By James Gorman, The New York Times, April 14, 2015
An adult male chimpanzee in Senegal, left, uses a tree branch with a modified end to stab into a tree cavity in a video image from the TV show "Life Story." A 10-year study found that females in Senegal play an unexpectedly big role in hunting.
Studies of hunters and gatherers — and of chimpanzees, which are often used as stand-ins for human ancestors — have cast bigger, faster and more powerful males in the hunter role.
Now, a 10-year study of chimpanzees in Senegal shows females playing an unexpectedly big role in hunting and males, surprisingly, letting smaller and weaker hunters keep their prey.
The results do not overturn the idea of dominant male hunters, said Jill D. Pruetz of Iowa State University, who led the study. But they may offer a new frame of reference on hunting, tools and human evolution. “We need to broaden our perspective,” she said.
Among the 30 or so chimps Dr. Pruetz and her colleagues observed, called the Fongoli band, males caught 70 percent of the prey, mostly by chasing and running it down. But these chimps are very unusual in one respect. They are the only apes that regularly hunt other animals with tools — broken tree branches. And females do the majority of that hunting for small primates called bush babies.
Craig Stanford, an anthropologist at the University of Southern California who has written extensively on chimp hunting and human evolution, said the research was “really important” because it solidified the evidence for chimps hunting with tools, which Dr. Pruetz had reported in earlier papers.
It also clearly shows “the females are more involved than in other places,” he said, adding that it provides new evidence to already documented observations that female chimps are “much more avid tool users than males are.”
All chimpanzees eat a variety of plant and animal foods, including insects like termites. And all chimpanzees eat some other animals. The most familiar examples of chimpanzee hunting are bands of the apes chasing red colobus monkeys through the trees in the rain forests of East Africa.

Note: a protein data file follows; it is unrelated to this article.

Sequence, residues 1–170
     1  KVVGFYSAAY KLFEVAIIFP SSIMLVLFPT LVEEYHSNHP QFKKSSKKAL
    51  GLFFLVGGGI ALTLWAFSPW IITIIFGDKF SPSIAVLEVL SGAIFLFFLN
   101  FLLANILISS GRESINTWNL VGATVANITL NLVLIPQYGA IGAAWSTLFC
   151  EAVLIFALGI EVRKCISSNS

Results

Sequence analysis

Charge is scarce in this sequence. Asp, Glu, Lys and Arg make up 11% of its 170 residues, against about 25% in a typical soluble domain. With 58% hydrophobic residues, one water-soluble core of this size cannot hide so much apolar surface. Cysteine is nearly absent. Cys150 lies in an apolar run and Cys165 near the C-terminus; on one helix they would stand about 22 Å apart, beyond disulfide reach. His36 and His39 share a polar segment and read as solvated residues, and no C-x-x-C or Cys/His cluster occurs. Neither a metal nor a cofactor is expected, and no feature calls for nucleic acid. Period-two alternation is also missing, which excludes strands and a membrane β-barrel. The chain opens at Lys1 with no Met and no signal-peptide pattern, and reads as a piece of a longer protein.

In this kind of pursuit, the largest, strongest, fastest chimps dominate — and those are adult males. When females and smaller chimps do catch an animal, an adult male may simply take it away, although the meat is eventually shared. The theft rate in other groups of chimps is around 25 percent, Dr. Pruetz said. Those other chimps do not hunt with tools.
The Fongoli chimpanzees live in a mix of savanna and woodlands where prey is not as abundant as in rain forests. There are no red colobus monkeys, and although the chimps do hunt young vervet monkeys and baboons, the much smaller bush babies are their main prey.
Dr. Pruetz argues that less food may have prompted both technological and social innovation, resulting in new ways to hunt and new social interactions as well. Humans evolved in a similar environment, and, as she and her colleagues write in Royal Society Open Science, “tool-assisted hunting could have similarly been important for early hominins.”
The tools in question are broken branches that Dr. Pruetz calls jabbing tools. The season for bush baby hunting is June, when the temperature may be well over 100 and the humidity is suffocating. The Fongoli chimps find the bush babies in their dens in trees. Chimps will stab and poke one of the small animals, sometimes wounding but not impaling it, until it comes out of its hiding place. The chimps will grab it, Dr. Pruetz said, and immediately “bite the head off.”
Females, even those with infants, and juvenile chimps can do this kind of hunting. The process does not put a premium on speed and strength as the chase does, so big males do not have an advantage. But there is more than technique and technology involved. There is social change.
By and large, said Dr. Pruetz, the adult males, which could take away a kill, show a “respect of ownership.” Theft rates are only about 5 percent. The chimps she studies also have more mixed-sex social groups than chimp bands in East Africa.
Travis Pickering, an anthropologist at the University of Wisconsin, said that with less food available it seems that the Fongoli chimps, “have to be more inventive” and that “these hunting weapons even the playing field for non-adults and females.”
Early hominins may have been in a similar situation, he said. Hunting among human ancestors “very quickly became a male-dominated activity,” he said, but “female hominins could very well have been the inventors of weapons.”
When it comes to getting food, deciding who does what depends on definitions. Collecting insects, for example, is defined as gathering, not hunting. In the case of the bush babies, however, though they are small, they struggle and flee, and will bite. Any bite, no matter how small, can pose the danger of infection, so the pursuit of bush babies qualifies as hunting, Dr. Pruetz says, and Dr. Stanford and Dr. Pickering agrees.